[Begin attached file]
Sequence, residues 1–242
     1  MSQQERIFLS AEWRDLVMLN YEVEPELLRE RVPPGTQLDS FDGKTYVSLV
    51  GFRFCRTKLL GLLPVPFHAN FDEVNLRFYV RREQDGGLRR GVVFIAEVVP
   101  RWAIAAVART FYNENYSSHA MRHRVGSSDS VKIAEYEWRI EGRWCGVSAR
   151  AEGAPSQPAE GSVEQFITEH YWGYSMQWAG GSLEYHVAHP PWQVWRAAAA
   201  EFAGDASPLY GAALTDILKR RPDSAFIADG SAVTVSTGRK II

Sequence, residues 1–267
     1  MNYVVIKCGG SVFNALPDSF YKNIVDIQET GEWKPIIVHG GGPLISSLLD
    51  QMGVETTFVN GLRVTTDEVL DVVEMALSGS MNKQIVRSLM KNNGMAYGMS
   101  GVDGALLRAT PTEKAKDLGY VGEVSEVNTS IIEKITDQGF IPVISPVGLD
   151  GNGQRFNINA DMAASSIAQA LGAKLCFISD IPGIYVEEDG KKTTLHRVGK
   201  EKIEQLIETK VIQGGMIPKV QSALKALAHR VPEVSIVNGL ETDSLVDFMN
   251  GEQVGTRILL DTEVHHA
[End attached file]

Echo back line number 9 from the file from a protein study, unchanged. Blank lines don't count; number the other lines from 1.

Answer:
    51  QMGVETTFVN GLRVTTDEVL DVVEMALSGS MNKQIVRSLM KNNGMAYGMS